Reason Behind High Blood Pressure in Pregnancy Discovered
These findings could provide clues to the best treatment approaches for high blood pressure and the formation of blood clots that can block blood flow to a pregnant woman's internal organs and lead to organ failure.
Virginia Commonwealth University School of Medicine researchers have been working to determine the root cause of pre-eclampsia on the molecular level and have now identified that epigenetic mechanisms may be at play.
Epigenetics refers to changes in gene expression that are mediated through mechanisms other than changes in the DNA sequence.
The VCU team reported that thromboxane synthase - an important inflammatory enzyme - is increased in the blood vessels of expectant mothers with pre-eclampsia.
The thromboxane synthase gene codes for this enzyme, which is involved in several processes including cardiovascular disease and stroke. This enzyme results in the synthesis of thromboxane, which increases blood pressure and causes blood clots.
"The present work is unique because it opens up a new concept as to the cause and subsequent consequences of pre-eclampsia relating to epigenetics," said corresponding author Scott W. Walsh, Ph.D., professor in the VCU Department of Obstetrics and Gynecology.
"It is the first study to show that epigenetic alterations in the blood vessels of the mother are related to pre-eclampsia," Walsh stated.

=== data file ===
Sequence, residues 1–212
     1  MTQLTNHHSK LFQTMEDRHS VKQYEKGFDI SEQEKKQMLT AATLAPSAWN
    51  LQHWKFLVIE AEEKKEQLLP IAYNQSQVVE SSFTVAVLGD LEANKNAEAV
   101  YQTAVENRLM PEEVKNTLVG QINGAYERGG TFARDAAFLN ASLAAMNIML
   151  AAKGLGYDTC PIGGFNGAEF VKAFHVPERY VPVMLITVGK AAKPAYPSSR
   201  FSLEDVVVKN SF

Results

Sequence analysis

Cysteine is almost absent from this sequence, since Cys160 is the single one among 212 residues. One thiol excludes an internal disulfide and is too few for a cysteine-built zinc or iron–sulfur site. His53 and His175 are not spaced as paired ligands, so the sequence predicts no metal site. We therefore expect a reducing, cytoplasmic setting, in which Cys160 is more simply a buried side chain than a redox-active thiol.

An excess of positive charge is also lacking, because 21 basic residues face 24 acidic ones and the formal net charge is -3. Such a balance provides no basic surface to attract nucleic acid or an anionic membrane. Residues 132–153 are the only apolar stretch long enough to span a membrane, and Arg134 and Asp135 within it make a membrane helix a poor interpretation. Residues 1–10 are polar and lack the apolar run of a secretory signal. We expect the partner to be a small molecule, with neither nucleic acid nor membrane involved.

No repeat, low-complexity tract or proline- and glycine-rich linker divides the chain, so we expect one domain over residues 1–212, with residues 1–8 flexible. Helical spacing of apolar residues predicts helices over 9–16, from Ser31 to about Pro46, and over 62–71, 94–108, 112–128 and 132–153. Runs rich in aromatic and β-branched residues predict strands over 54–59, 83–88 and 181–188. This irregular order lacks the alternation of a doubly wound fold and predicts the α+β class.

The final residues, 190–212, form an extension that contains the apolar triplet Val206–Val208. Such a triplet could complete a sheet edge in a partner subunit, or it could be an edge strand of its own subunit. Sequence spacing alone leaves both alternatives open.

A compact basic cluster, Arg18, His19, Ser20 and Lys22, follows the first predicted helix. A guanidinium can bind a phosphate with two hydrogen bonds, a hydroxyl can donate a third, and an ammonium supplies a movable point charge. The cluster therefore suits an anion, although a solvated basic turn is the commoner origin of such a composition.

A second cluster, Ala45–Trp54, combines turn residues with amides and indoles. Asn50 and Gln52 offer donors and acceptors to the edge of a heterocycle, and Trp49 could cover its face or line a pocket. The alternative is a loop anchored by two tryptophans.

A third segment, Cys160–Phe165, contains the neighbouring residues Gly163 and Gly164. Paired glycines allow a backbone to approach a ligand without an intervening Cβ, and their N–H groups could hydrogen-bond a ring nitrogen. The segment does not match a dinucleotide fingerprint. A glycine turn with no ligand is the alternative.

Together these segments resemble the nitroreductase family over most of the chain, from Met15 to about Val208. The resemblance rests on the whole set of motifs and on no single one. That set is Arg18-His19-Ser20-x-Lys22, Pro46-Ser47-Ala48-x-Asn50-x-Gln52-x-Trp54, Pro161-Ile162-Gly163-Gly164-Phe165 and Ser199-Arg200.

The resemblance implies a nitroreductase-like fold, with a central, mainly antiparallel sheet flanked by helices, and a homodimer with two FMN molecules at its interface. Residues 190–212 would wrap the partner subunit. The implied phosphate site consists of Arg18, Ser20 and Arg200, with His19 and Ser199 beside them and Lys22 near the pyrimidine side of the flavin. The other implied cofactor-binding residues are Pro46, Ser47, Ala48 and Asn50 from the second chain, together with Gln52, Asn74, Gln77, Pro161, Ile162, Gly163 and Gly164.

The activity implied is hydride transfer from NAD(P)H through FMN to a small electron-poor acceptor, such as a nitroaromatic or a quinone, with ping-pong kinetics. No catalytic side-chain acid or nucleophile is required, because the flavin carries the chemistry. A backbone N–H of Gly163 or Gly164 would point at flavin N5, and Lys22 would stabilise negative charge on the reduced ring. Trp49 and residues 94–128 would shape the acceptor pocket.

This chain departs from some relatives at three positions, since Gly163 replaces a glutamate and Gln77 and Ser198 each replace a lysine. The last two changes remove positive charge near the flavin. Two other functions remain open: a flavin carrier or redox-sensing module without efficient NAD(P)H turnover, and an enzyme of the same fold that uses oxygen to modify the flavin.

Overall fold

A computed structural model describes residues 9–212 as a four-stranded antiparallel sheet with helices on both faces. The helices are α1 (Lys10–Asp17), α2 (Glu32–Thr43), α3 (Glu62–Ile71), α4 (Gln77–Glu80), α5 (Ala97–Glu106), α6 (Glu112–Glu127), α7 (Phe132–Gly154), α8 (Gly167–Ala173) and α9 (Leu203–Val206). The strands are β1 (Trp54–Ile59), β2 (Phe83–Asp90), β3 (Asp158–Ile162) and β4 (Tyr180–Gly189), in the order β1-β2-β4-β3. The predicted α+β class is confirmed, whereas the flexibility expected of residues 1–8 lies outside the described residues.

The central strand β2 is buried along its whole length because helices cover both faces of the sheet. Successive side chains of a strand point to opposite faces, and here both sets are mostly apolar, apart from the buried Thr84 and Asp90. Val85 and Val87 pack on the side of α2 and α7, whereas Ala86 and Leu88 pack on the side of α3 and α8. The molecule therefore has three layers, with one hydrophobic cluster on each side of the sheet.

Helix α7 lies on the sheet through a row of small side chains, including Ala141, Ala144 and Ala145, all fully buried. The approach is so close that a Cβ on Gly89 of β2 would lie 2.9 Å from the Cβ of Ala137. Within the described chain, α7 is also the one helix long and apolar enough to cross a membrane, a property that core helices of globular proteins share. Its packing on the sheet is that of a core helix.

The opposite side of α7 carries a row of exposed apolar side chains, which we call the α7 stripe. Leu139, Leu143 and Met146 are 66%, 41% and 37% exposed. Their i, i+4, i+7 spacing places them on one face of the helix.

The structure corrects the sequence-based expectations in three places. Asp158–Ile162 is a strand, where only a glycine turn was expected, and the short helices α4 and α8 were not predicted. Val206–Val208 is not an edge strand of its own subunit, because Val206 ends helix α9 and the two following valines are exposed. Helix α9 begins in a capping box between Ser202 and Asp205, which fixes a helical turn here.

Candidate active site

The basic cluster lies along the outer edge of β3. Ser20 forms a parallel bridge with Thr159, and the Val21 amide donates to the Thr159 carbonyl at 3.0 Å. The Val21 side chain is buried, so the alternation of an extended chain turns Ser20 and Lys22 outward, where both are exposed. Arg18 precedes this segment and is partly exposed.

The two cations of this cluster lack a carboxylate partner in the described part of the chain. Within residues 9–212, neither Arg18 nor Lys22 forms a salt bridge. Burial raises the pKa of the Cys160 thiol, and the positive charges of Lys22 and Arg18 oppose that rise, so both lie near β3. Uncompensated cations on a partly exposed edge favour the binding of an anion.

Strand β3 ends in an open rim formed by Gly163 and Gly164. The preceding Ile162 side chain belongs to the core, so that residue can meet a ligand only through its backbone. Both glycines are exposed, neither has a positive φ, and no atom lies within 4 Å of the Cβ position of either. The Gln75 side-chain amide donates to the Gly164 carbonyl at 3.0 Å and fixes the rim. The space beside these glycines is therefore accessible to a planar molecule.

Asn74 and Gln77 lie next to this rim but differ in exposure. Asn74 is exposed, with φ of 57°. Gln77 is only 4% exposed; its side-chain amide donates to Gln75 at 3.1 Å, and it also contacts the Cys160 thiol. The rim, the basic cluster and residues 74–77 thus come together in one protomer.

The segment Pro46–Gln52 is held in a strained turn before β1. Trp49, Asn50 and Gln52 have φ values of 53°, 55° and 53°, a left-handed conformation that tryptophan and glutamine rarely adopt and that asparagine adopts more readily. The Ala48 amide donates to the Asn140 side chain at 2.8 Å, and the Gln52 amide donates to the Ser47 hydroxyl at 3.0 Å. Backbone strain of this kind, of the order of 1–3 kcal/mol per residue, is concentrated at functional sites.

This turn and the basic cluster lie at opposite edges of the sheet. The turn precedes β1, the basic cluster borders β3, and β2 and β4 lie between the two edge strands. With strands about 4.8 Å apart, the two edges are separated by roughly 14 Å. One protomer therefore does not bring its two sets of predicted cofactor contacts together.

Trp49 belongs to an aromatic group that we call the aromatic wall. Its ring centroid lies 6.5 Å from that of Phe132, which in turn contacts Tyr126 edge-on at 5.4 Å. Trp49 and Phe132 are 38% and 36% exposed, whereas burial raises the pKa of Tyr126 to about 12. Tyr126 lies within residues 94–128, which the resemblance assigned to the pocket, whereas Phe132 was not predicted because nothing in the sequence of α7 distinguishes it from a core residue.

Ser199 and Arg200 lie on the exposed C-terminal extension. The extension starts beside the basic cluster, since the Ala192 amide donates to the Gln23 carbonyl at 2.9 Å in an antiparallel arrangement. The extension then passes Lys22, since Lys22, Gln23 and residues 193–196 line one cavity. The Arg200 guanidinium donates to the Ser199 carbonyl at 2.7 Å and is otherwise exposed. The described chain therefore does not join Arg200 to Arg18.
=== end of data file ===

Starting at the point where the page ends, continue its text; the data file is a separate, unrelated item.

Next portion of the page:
According to Walsh, one of the main epigenetic mechanisms is methylation of the DNA, which controls the expression of genes. The increase of this enzyme in the blood vessels is related to reduced DNA methylation and the infiltration of neutrophils into the blood vessels. Neutrophils are white blood cells that normally help fight infection.
In the future, Walsh said some potential treatments for pre-eclampsia may include inhibition of thromboxane synthase, blockade of thromboxane receptors or dietary supplementation with folate. He said that folate supplementation could increase methylation donors to protect against adverse changes in DNA methylation that affect expression of the thromboxane synthase enzyme.
The study was published online this week in Hypertension, a journal of the American Heart Association.